’[…] ‘ “Oh, so it’s only diabetes,” you can hear someone say. And I think: no, it’s not as simple as that.’ (GP trainee, rural)
The doctors described various strategies they used to increase the patients’ motivation. For example, one doctor wrote a partial sick note for a couple of months each year to a diabetes patient who had a sedentary job. The patient spent this time on physical activity, and was thereby able to maintain a satisfactory HbA1c value. Many were especially motivated by figures:
‘Some of my patients are clearly motivated by HbA1c, when they see the level drop and approach a normal level.’ (GP specialist, urban)
With regard to patients who previously had not been very motivated, some of the doctors described situations that could serve as catalysts for change, for example the risk of not receiving an approved health certificate. Even among patients with whom the doctors considered they had a good relationship of trust and cooperation, there were some who failed to change their lifestyle.
‘It’s clear that the better the doctor is at doing their job, the better perhaps are the chances that the patient will do well, but there is likely to be a lot that we are unable to influence, no matter how good a job we’re doing.’ (GP specialist, urban)
In situations where the GPs felt that the patient failed to take the disease seriously, some GPs reported to resort to scare tactics.
‘I had a patient […] and he sort of said that diabetes is so common, and it’s not all that important, so I had him come in for more consultations, but I couldn’t get through to him, and finally I showed him a picture of a diabetic foot, then … After that, things improved.’ (foundation doctor, urban)
The most experienced GPs reported that they preferred to lay the groundwork for individual disease management, but left the patients free to decide for themselves what they would do: ‘People are responsible for their own lives, period.’ (GP specialist, urban)
The GPs in this study underscore that diabetes is one of several diseases that they should be aware of, and they do not necessarily investigate actively for the disease. They describe that in their encounter with type 2 diabetes patients, they take an active role in supporting lifestyle changes. Considerable emphasis is placed on personal competence and clinical experience, but the time constraints are seen as a hindrance to keeping as up-to-date as they would wish. Clear instructions are available as to who should be tested and risk assessed for type 2 diabetes, and how (4). However, in line with previous studies (7, 13, 14), the doctors in our study reported that an active approach to risk assessment is often given low priority due to time constraints. The fact that an increasing number of patients are now requesting a general health check-up that includes HbA1a might give the impression that more patients are now examined with a view to this disease. It is nevertheless worth noting that the use of general health check-ups has a social gradient (15) which is inversely proportional to the prevalence of type 2 diabetes (16), and that this may lead to some groups being underdiagnosed.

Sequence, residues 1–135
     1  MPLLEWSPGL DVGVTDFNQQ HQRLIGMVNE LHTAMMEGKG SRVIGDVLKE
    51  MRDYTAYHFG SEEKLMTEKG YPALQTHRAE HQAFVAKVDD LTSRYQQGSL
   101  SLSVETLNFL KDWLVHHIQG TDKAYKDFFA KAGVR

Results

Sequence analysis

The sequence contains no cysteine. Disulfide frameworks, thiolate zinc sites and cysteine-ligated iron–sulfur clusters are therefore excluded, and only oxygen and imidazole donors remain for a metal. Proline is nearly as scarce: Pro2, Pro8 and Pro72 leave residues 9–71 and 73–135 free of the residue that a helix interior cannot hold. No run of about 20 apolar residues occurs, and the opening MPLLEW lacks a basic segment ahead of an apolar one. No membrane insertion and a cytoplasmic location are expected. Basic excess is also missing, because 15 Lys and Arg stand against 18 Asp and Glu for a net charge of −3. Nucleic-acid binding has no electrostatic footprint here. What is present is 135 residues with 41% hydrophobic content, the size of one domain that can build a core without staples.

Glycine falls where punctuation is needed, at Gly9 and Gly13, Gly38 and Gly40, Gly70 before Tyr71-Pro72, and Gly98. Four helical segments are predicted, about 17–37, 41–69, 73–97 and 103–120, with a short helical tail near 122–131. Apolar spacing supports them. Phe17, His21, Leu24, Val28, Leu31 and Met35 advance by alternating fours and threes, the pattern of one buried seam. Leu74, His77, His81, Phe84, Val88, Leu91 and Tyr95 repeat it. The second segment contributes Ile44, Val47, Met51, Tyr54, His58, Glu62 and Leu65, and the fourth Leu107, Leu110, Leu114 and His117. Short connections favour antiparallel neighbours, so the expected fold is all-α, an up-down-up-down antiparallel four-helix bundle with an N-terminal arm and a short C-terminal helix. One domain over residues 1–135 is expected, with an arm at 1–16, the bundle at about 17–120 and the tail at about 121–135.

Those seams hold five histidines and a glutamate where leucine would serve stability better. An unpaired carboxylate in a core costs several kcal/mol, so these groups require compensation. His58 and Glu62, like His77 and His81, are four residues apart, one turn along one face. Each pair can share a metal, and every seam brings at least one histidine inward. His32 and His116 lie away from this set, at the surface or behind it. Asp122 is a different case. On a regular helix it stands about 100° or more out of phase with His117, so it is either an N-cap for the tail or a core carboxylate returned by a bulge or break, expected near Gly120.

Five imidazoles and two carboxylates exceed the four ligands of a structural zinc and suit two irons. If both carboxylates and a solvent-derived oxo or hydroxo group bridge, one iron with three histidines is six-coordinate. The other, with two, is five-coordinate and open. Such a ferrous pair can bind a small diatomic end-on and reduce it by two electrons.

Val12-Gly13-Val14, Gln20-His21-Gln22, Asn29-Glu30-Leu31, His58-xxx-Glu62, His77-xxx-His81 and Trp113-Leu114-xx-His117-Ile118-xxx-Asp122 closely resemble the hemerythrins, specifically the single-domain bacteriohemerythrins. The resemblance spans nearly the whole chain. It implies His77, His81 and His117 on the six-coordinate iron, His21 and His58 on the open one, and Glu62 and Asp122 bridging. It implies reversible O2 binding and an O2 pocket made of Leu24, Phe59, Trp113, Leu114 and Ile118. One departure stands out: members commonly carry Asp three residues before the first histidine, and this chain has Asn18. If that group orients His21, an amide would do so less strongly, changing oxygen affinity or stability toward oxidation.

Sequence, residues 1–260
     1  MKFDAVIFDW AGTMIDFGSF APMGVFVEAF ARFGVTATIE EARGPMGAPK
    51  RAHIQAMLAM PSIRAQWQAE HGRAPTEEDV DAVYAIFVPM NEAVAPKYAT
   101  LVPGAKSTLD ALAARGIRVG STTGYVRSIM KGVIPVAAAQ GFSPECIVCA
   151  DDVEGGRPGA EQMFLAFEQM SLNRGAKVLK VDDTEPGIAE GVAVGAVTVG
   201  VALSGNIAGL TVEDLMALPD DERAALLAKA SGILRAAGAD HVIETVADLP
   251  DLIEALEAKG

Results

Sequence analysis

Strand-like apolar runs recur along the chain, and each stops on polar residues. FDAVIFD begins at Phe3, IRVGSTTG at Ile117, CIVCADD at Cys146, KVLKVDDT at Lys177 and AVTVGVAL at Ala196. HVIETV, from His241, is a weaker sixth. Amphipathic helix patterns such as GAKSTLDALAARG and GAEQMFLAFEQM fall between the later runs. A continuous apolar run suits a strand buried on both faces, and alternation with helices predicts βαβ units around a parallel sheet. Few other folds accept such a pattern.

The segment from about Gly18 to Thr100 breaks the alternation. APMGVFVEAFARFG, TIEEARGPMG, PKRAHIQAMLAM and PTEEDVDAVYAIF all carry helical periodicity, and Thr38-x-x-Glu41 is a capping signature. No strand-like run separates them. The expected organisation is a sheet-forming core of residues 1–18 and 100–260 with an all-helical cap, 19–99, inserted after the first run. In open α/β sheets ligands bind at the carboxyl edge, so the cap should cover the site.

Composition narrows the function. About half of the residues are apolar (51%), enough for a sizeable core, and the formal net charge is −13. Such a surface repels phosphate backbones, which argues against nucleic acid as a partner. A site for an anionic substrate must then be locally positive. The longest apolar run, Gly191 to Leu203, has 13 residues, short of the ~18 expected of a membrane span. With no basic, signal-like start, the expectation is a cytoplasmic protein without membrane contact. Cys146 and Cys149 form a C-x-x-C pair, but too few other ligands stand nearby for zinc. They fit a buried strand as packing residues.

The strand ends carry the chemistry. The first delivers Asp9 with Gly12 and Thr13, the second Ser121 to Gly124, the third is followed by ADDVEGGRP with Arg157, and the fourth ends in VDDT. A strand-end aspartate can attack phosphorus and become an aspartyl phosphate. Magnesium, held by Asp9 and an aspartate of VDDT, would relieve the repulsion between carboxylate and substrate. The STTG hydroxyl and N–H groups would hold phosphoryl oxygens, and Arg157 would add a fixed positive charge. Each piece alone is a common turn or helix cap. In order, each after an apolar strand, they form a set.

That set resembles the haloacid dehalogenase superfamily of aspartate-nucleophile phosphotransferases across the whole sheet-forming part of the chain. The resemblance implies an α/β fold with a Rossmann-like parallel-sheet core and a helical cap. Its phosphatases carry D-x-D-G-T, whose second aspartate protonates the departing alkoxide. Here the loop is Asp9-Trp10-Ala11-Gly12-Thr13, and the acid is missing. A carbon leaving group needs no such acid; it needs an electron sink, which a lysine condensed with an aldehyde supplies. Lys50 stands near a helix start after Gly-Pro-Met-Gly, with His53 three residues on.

A meta-study that compared the prevalence of diabetes in selected groups of immigrants with the prevalence among ethnic Norwegians found that Pakistani immigrant women in Norway had a diabetes prevalence of 26 per cent, compared to 3 per cent among ethnic Norwegian women (17). It could thus be important for doctors to assume a more active role in the identification of type 2 diabetes in especially vulnerable groups. Use of the diabetes risk test could simplify this work, especially if the test was integrated into the patient records system, as suggested by the participants in this study. It is worth noting that for patients with an African or Asian ethnic background, it is not recommended to use FINDRISC, but to measure HbA1c directly (4).
The guidelines stipulate that GPs should offer referral to patients with newly discovered diabetes to a patient education course (4). The GPs in our study believed that they could provide the patients the same service in the GP surgery. This concurs with findings in a previous study, where only 4 per cent of GPs reported to prefer a diabetes patient education course as an information channel for patients (18). However, the same study showed that 24.5 per cent of the patients wished to attend a course (18). Lack of information about diabetes from the GP at the time of diagnosis (18–20) was one of the reasons why the patients wished to attend a course (20). The fact that the doctors in our study mainly referred patients whom they felt needed more follow-up than they could provide themselves, illustrates the GP’s function as a gatekeeper to society’s resources. On the other hand, this could be problematic, given that the doctors also report to have too little time available to keep updated in terms of knowledge.